The Acceptance of Malaysia as Non-Organisation For Economic Cooperation and Development (OECD) Member Adhering to the Mutual Acceptance of Data (MAD) in The Assessment of Chemicals on Good Laboratory Practice (GLP)

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Released date: 
Monday, 13 May 2013
Joint Press Release – Ministry of Health Malaysia And Standards Malaysia

OECD is an inter-governmental organisation established in 1960. It consists of 34 industrialised countries including many EU member countries, some non-EU European countries, the North American Free Trade Area (NAFTA) countries and some Asia-Pacific countries.

Good Laboratory Practice (GLP) is a quality system concerned with the organisational process and the conditions under which non-clinical health and environmental safety studies are planned, performed, monitored, recorded, archived and reported.

With the MAD system, the data generated in the testing of chemicals in an OECD Member and non-Member countries adhering to MAD system in accordance with OECD Principles of Good Laboratory Practice shall be accepted in other Member countries for purposes of assessment and other uses relating to the protection of mankind and the environment. This collaboration saves governments and chemical producers around €150 million annually.

On 13 February 2008, the Cabinet has agreed for Malaysia to adopt the Organisation For Economic Cooperation And Development (OECD) Mutual Acceptance of Data (MAD) in the Assessment of Chemicals for non-OECD members on Good Laboratory Practice (GLP) based on the 1997 OECD Council Decisions on adherence of Non-member Countries to the Council Acts related to MAD. Malaysia expressed the intention through a letter sent by Minister of Health to OECD on 17 April 2008. On 2 July 2008, OECD invited Malaysia to become a Provisional Member for 2-3 years and Malaysia accepted the invitation on 28 July 2008.

Due to the vast scope of GLP, using the Blue Ocean Strategy approaches, two (2) agencies have been appointed as the National GLP Compliance Monitoring Authorities. The National Pharmaceutical Control Bureau (NPCB), Ministry of Health Malaysia and Department of Standards Malaysia, Ministry of Science, Technology and Innovation (MOSTI) have officially been designated as the GLP Compliance Monitoring Authorities (CMAs) in Malaysia. The NPCB is responsible for areas relating to pharmaceuticals (including vaccines, natural products and biologicals), cosmetics, veterinary medical products and food additives while the Department of Standards Malaysia is responsible for pesticides, feed additives, nonpharmaceutical biotechnology products and industrial chemicals.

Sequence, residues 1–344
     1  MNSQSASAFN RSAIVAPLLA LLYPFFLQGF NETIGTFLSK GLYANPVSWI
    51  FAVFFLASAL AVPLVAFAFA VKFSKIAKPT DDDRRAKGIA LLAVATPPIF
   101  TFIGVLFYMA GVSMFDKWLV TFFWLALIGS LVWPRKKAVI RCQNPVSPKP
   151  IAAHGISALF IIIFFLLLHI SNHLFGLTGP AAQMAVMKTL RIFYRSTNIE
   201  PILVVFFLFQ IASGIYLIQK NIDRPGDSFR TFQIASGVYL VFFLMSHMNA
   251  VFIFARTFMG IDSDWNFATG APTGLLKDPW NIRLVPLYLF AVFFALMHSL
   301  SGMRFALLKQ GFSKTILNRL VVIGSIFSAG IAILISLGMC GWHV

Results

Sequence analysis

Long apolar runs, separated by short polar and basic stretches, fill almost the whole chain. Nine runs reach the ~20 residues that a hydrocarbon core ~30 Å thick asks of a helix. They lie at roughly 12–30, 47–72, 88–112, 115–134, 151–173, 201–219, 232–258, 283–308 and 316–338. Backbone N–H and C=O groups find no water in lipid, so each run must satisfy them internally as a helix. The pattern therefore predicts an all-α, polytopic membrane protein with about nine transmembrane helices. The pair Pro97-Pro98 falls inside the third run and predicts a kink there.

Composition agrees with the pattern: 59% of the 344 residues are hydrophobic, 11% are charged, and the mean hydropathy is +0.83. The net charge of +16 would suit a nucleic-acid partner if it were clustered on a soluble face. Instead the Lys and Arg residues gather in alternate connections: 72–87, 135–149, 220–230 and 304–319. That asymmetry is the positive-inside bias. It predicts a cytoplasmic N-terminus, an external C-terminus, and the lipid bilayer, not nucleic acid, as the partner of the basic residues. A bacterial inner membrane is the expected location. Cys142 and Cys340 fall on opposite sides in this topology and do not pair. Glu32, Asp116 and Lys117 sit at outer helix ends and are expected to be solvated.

To achieve the desired goals, concerted efforts were carried out including promoting awareness, upgrading capacity and strengthening capabilities among CMAs and Test Facilities. After all the hard work and the readiness in both CMAs and Test facilities, Mutual Joint Visit (MJV) was conducted on both NPCB and Jabatan Standard Malaysia on 14-19 November 2011. The MJV outcome was presented in the GLP Working Group meeting on 29-31 May 2012 in Paris. The decision from this meeting was forwarded to the OECD Council Meeting which sat on 13 February 2013. Final decision from the OECD Council Meeting agreed for Malaysia to be Non-OECD Member adhering to MAD system on GLP. OECD has officially invited Malaysia on 6 March 2013 to be a Non-OECD Member adhering to MAD system on GLP. Malaysia accepted the invitation from OECD and effective from 29 March 2013, Malaysia is officially a full adherent to the OECD Council Acts related to MAD in the Assessment of Chemicals. At present 34 OECD Countries as well as Argentina, Brazil, India, Malaysia, Singapore and South Africa adhere to the system.

The acceptance of Malaysia as Non-OECD Member adhering to MAD system on GLP is a big achievement for the country. With the acceptance, Malaysia will benefit in many ways as follows:

  1. International acceptance of non-clinical data developed in Malaysia
  2. Trade facilitation by reducing marketing time for local manufactured products marketed internationally
  3. Exemption of non-clinical research being repeated in OECD countries
  4. Saving costs for development of product
  5. Overcoming existing technical barriers
  6. Increasing local and foreign investments in research and development of products involving pharmaceutical, biomedical, biotechnology, biochemical in Malaysia.
  7. Making Malaysia a development and research hub for non-clinical research.

Others benefits to be gained by Malaysia includes:

  1. Creation of a network of government and industry experts
  2. Formation of a Forum whereby new policies can be developed towards harmonization
  3. Development of technical instruments to improve the quality of chemical evaluations and regulations
  4. Access to information and advice from countries with different policy experience
  5. Harmonised classification and labelling systems for chemical products
  6. Increased availability of safety data on high production volume chemicals

Malaysia’s participation in this MAD system highlights the mutual benefit of the partnership between OECD countires and major emerging economics. Thus, will boost Malaysia’s economy and place Malaysia as one of the non-clinical researches hub in Asia.

13 MAY 2013

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